In life, we constantly have to buy new things. Whether it be a new pair of shoes, because you’ve worn holes in your current set; or a new washing machine, because that free one your mum gave you when you moved out is older than you, and has broken down. Whenever you have to make a purchase, it’s tempting to try and save a little bit of money by buying something that will ‘do the job’. However, with certain items your bargain purchase ends up being far less of a bargain then you had planned for. It gets destroyed far quicker than you anticipated and you end up forking out for another one, or you finally swallow your pride and buy the more expensive option you tried to avoid the first time. Below are a few examples of things you could probably skimp on, but shouldn’t.
Clothes, and especially shoes, are items it can be very tempting to cut the budget on. But investing in good quality shoes can make a fantastic difference to your day to day living. Whether you are in a profession that requires you to be on your feet all day, or you have a desk job, your shoes are the foundation you build your working day around. Bad quality shoes can wear too quickly, and unevenly, causing potential problems for your feet and posture. Buying cheap clothes can be a false economy too. Those cheap t-shirts may seem like the answer to your stylistic prayers, but when the colours fade and run in the wash, and they no longer fit because they’ve shrunk, you’ll wish that you never bought them. It is better to spend a little extra on quality designer tops that won’t shrink and will actually last you many years. The same can be said of overcoats; cheaper alternatives tend to be very thin and contain no lining or waterproofing. Buying quality ensures that you stay warm and dry when the bad weather hits. It’s also a good idea to assess your high street shopping habits and remember that a lot of the clothes sold are coming from the same factories whether they are Primark or Zara. Often the quality is exactly the same you are simply paying for a brand label. Whereas often hen buying more expensive items they are made using higher quality fabrics, that are meant to last you a lifetime – not just a couple of months. As they say – “you get what you pay for” – and in the case of clothing and shoes, this is more often than not the case. Since doing my KonMari I have been looking more and more at quality clothing rather than cheap and fast fashion. Buying 1 good quality jacket that costs a bit more but will last me years is better than buying a cheap one that will need replacing every year. Think quality over quantity.
The new advances in technology always sound so tempting, until you see the price tag. Whilst it’s true that new inventions typically command a premium over older technology, it does so for a reason: It simply performs better. Whether you are looking into buying a replacement camera, or you need a new fridge, you should always compare like for like, and take the spec sheet into account when deciding on your purchase. You should also consider your needs. Whilst having a 65-inch 4K definition TV might command certain bragging rights; if all you’re doing is watching the news and your favourite soaps, is such a large TV really a worthwhile use of your money? Probably not. But even if you have a set budget for your next technological purchase, you should be wary of getting drawn in by a list of flashy specifications. When comparing two products at similar prices, you could find yourself thinking that the one with the longer list of features is the obvious choice. However, the initial elation of finding a bargain could be short-lived when you discover that the build quality is not up to scratch. Never confuse quality with flashiness. With top-level products, the two might be one and the same, but when looking at more mid-range options, it might be an easy mistake to make.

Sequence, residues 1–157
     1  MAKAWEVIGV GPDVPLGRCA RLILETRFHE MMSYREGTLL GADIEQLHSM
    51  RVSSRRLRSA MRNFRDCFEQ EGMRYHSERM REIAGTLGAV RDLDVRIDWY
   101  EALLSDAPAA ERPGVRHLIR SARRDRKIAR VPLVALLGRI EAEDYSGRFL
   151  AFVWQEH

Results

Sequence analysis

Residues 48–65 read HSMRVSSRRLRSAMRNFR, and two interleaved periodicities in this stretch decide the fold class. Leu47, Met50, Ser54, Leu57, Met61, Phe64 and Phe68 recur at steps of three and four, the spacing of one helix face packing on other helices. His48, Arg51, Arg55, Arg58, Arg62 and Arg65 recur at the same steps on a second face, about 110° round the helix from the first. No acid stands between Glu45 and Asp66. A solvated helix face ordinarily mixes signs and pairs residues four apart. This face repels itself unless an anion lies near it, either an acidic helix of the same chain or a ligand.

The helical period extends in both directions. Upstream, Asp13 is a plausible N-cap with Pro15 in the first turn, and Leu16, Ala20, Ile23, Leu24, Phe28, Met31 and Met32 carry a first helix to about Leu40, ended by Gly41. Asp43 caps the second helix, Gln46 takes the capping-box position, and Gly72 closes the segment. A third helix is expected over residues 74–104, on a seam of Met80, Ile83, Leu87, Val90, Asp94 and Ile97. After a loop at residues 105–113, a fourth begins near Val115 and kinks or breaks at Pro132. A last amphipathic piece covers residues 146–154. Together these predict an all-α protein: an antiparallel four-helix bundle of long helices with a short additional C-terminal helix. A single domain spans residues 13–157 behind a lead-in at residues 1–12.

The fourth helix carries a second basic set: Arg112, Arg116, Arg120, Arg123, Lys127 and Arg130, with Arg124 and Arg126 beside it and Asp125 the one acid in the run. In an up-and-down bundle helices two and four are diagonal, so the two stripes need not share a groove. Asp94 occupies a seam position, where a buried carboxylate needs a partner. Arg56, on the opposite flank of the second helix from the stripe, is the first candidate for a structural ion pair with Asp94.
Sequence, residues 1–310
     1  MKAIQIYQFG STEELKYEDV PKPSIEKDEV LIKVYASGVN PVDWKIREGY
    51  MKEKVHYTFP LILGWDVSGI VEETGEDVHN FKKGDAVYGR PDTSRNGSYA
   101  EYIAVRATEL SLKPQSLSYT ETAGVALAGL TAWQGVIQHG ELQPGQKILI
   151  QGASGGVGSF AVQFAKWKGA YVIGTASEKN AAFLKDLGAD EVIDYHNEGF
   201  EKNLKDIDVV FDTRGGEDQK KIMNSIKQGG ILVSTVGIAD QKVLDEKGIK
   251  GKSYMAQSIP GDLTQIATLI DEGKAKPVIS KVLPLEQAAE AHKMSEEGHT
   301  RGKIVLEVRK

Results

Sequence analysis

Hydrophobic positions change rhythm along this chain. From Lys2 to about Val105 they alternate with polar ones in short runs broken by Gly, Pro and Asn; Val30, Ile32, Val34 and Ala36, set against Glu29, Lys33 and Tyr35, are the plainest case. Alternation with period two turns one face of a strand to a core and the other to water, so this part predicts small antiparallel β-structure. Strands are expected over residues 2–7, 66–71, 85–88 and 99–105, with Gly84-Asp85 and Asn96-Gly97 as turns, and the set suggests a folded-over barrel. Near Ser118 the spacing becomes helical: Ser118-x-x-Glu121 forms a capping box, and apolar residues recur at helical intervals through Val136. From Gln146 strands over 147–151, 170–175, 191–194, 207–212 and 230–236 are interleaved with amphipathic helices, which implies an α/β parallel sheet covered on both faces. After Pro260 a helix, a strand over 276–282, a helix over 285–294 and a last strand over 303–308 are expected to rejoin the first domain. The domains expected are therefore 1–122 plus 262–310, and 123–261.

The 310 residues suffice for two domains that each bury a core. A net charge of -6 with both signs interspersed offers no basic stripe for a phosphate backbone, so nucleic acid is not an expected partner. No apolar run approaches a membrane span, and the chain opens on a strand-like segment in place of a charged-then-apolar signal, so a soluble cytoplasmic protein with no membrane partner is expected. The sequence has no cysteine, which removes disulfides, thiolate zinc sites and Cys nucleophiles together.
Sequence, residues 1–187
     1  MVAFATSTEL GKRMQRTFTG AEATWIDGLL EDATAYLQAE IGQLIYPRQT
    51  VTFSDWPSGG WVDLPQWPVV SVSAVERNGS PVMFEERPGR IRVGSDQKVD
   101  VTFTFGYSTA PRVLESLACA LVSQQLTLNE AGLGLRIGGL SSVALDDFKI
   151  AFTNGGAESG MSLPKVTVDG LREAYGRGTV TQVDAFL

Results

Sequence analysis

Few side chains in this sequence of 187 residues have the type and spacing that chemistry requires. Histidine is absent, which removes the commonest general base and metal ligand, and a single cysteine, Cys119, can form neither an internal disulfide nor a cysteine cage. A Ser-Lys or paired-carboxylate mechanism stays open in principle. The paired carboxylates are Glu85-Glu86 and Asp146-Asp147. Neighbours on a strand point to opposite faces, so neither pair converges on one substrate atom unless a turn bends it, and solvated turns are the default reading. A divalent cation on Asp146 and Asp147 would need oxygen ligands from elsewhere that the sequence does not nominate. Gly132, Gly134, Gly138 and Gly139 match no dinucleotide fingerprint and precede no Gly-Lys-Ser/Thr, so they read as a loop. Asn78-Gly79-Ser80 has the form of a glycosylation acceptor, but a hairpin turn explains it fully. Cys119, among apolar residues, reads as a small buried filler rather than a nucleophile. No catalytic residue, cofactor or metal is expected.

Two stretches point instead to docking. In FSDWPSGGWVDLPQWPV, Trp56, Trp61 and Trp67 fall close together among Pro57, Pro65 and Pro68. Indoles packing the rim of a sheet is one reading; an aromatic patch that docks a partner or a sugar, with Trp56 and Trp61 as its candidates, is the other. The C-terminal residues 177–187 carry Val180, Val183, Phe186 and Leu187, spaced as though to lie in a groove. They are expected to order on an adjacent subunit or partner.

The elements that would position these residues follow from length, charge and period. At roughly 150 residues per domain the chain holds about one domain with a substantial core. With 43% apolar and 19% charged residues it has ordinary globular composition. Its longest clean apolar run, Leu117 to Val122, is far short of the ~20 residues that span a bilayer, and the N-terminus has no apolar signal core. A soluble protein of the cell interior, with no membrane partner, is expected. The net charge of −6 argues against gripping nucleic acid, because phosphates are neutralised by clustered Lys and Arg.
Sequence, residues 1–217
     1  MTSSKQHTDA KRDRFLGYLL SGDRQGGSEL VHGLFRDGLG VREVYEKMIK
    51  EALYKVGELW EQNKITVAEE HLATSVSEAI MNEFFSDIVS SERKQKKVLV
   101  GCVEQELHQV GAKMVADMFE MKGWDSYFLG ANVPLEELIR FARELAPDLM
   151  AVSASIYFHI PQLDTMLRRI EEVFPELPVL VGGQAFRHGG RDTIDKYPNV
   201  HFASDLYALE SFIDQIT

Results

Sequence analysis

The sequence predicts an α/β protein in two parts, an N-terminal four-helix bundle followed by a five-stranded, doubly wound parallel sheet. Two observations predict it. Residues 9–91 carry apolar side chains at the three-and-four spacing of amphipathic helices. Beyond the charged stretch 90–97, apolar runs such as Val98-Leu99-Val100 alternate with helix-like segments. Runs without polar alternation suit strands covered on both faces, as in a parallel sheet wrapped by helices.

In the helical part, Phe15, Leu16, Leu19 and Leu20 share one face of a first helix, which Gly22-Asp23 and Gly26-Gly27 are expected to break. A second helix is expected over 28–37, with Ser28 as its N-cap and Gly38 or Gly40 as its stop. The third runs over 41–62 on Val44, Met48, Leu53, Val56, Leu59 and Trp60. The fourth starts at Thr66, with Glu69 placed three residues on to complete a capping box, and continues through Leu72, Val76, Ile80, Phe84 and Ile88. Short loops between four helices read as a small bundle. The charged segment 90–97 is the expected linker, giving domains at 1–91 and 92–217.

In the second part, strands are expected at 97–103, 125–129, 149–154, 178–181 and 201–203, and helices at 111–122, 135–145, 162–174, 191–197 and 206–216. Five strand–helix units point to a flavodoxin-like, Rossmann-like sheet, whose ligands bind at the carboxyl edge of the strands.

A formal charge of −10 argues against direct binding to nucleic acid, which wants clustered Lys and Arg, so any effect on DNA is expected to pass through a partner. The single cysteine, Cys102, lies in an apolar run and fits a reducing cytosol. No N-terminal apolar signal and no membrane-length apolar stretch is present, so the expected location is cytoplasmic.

We all have our dream cars, and some lucky individuals may even get to own theirs. However, for the rest of us mere mortals, we have to make do with compromising slightly. This is largely down to budget. Now some people may not be too interested in flashy cars, and just want something that can get them from A to B, which is fine. However, just because you aren’t interested in owning cars from more prestigious manufacturers doesn’t mean you should actively look at the opposite end of the spectrum. Browsing the classifieds, there are plenty of bargain used motors that may seem tempting, especially when you see the likes of luxury Jaguars and Mercedes-Benz going for just a few thousand. Be warned though, looking at the bottom rung of the car market could find yourself buying into a very costly experience. Buying a new or nearly new car is a much wiser option. The initial outlay may be a little more than some of the tempting examples you’ve been perusing already, but for that extra money upfront you get cheaper running costs, decreased risk of component failure, increased safety, and usually cheaper tax and insurance to boot. We rely on our cars to get us around for day to day life, and to transport us to our much-needed places of work and back – so they should be thought of as an investment rather than a one time splurge. When you think about how much you use your car, it should seem a smart idea to go for a newer model that is going to be more reliable and sustainable, than a cheaper option that you may find you have to replace a lot quicker than you thought – due to a dodgy cambelt or worn-out suspension. You should also consider your future wants when looking to buy a car. It’s no good going for a two-seat convertible if you’ve always wanted a big family. Think long-term: go for quality, endurance, and more space than you need.
Hopefully, this has helped you to consider the advantages of saving for luxury rather than going for the cheapest option, helping you to have more money in your pocket in the long run.
*This is a collaborative post*